A car stops before heading through the Buena Vista tunnels in June of 1943. (DPL Western History)


Our expedition vehicle next to the tunnels in the modern day. Pullouts at each end allow cars to wait as the tunnels are only wide enough for one lane of traffic.


Inside the Buena Vista tunnels. All four are visible in this photo, bored so closely together that trains were occasionally long enough to be in all four at once!

Today, rather than the *chug-chug* of steam trains, only the rumble of tires on gravel resonates through the tunnels. The county owns the right-of-way now, keeping the old route plowed in the winter so backcountry enthusiasts and cross-country skiiers can access National Forest land. It’s well used, too; in our short time exploring the tunnels, dozens of jeeps and a few ATVs passed through one at a time.


We hold for a moment at the northernmost tunnel, waiting for traffic to clear as a storm rolls in.

I find it fascinating that these relics of Colorado history have remained in such good condition as they reach well over 100 years old. The most crucial tunnels to the Midland, at the top of Hagerman Pass, both collapsed by 1940. Another set remains passable, on a back road in a place called Elevenmile Canyon. With a few feet of snow on the road now, though, they’ll stay hidden until the melting of summer for a visit. Just a few more months to wait.

Titan I: the remix

« An AtH // urbanescape.fr collaboration »

For the better part of a year, I’ve found myself essentially semi-retired from urban exploring. The trappings of a renewed social life, a (mostly) full time job, and a number of other projects kept me out of the loop. However, sometimes life throws you a little curveball that makes you realize what’s still out there. In this case, that curveball came in the form of two French documentary filmmakers: Mélanie de Groot van Embden and David de Rueda, referred to me by a colleague from the west coast. The target for the crew: an abandoned nuclear missile launch complex we refer to as the Titan. It’s nothing less than a Cold War castle, a huge, decaying underground relic of a time when air raid sirens meant nuclear war rather than tornadoes.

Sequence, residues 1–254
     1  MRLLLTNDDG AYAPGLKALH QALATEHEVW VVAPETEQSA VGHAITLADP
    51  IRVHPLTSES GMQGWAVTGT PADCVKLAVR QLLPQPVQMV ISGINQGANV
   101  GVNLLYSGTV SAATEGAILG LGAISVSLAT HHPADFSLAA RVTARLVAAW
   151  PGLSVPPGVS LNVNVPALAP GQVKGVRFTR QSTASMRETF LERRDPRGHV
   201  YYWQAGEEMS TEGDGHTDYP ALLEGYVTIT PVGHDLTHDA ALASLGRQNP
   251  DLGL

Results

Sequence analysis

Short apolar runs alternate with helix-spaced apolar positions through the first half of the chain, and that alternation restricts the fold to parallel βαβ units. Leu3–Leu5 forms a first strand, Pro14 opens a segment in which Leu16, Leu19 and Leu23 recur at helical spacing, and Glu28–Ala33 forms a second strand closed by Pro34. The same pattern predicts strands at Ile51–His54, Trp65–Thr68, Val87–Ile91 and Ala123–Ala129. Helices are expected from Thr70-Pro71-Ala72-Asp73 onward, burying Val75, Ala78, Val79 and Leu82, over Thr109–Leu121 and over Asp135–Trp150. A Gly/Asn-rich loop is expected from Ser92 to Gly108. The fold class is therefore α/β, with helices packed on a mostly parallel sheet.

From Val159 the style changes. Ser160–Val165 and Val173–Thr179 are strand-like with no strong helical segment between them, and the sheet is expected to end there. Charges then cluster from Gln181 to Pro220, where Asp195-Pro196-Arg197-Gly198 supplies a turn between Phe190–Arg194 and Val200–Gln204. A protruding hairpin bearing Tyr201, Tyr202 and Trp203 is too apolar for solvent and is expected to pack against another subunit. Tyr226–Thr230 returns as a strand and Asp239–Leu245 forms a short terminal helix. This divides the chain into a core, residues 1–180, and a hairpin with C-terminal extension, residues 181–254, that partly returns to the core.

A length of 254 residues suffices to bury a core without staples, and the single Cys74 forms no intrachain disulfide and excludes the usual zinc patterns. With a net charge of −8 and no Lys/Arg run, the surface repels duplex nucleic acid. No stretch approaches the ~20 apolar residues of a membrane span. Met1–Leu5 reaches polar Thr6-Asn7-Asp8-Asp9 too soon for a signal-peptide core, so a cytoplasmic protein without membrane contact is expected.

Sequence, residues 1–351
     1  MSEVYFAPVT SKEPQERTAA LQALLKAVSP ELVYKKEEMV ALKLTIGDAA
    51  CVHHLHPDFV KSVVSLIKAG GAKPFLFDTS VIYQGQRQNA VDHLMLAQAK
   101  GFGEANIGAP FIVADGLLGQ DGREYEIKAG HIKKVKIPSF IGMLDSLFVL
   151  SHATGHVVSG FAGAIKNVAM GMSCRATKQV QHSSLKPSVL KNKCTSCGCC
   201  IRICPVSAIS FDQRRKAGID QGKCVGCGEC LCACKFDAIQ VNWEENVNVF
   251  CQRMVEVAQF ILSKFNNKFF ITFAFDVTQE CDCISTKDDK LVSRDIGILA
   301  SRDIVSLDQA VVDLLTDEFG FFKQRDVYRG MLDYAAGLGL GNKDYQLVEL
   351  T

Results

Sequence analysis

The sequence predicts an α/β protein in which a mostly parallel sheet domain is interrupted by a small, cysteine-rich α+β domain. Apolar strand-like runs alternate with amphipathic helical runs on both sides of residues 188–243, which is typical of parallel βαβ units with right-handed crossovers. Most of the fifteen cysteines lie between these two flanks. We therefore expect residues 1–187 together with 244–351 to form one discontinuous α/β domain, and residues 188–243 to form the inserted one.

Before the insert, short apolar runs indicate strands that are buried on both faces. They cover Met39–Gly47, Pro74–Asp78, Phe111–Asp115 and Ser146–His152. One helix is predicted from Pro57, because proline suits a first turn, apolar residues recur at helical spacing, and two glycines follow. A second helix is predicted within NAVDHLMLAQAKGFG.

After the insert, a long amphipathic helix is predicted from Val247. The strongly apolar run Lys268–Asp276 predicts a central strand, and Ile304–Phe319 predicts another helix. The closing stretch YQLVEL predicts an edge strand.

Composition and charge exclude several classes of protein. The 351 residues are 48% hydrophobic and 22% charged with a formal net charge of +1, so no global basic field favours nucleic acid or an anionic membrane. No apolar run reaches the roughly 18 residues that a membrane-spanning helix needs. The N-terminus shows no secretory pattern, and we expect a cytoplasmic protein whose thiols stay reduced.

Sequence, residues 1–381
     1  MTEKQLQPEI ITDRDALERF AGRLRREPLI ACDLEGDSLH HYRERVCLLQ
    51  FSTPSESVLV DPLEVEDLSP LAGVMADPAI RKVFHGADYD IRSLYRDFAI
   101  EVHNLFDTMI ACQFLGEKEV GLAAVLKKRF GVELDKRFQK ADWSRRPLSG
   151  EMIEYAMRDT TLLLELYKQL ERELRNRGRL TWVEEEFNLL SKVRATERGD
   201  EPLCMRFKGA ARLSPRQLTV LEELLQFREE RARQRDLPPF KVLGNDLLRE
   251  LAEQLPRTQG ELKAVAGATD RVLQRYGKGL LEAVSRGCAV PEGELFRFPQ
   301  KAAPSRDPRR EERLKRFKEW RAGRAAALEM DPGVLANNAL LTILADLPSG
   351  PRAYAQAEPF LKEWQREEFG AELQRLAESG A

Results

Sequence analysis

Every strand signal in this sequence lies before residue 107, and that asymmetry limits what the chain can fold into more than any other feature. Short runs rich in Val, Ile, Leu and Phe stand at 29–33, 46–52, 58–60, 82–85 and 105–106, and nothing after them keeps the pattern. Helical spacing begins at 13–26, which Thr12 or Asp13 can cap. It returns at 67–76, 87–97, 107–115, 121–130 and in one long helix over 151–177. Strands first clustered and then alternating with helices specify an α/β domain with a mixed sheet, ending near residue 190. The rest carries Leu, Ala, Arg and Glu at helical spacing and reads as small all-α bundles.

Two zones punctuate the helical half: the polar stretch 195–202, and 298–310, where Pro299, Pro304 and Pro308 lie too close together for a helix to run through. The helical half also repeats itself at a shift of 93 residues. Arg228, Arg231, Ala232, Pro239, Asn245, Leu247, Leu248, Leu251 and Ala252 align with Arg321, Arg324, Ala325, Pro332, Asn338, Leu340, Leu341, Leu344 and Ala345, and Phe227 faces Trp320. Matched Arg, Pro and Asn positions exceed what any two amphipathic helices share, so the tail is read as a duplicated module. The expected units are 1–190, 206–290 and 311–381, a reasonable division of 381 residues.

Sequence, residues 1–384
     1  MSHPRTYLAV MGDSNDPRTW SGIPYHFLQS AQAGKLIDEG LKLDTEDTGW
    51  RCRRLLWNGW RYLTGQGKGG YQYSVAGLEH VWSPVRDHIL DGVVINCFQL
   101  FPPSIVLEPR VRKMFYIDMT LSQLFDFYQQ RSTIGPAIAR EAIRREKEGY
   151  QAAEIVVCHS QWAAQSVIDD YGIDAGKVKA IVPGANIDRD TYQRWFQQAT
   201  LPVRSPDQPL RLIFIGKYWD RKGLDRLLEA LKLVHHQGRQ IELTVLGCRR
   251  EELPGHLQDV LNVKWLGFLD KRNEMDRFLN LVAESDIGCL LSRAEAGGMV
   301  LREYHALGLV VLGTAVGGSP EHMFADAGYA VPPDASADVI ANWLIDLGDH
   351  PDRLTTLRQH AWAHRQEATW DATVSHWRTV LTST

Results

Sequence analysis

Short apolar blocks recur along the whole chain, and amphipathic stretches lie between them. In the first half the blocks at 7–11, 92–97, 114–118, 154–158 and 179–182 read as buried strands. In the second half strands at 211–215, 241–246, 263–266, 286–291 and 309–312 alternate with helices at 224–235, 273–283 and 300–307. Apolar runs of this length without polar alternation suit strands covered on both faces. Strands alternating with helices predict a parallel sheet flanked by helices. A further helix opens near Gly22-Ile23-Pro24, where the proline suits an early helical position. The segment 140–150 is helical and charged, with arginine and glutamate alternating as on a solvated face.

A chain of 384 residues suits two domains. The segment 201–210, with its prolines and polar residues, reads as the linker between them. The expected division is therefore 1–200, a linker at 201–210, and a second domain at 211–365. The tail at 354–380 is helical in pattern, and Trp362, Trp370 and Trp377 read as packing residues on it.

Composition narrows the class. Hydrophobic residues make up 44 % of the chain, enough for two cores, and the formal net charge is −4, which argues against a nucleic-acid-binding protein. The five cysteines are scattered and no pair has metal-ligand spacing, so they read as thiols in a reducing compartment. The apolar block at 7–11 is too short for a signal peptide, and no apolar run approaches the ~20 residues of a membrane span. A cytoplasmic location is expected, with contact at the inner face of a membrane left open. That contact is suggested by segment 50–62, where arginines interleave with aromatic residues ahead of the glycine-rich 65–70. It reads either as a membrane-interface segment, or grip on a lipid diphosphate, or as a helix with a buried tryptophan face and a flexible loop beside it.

The abandoned Titan I ICBM launch complex from topside. Launcher #2 is at left.

It’s been about six years since my first expedition to this relic of the Cold War, situated about an hour or so from Denver on Colorado’s eastern plains. For this reason, I contacted another local explorer, Micah, who, along with his roommate Ashley, had recently been inside the silo and could give us valuable information as to its condition – and the hazards we would face inside. The recent wet weather meant that the complex could be a muddy quagmire or partially flooded, new developments in the area posed a risk, and decay had doubtless taken its toll on the structure since my last visit.

Our meetup point was none other than Pete’s Kitchen on Colfax, a late-night Denver institution. Its glowing ’40s neon signs cast a bright glare into the night, beckoning our French comrades inside. Over cups of coffee, Mél and David told us stories from the road, tales of climbing bridges in New York and abandoned roller coasters in New Orleans. After crossing half of America, their cross-country road trip had led them here, to the edge of the Rockies. After spending a chilly night high in the Sawatch Range to the west, the two explorers descended on Denver in their fabulously painted van.

The night’s plan was simple: take our team of five and our gear out to the silo, stash Micah’s minivan nearby at a spot he had in mind, and sneak overland under a nearly full moon over to the silo entrance. Subtlety is key to the Titan – it would only take one rifle-toting rancher to mistake us for a varmint in the murk and really ruin our night. Once inside, all we’d have to do is try not to fall in a missile hole and be out by sunrise. Nice and easy.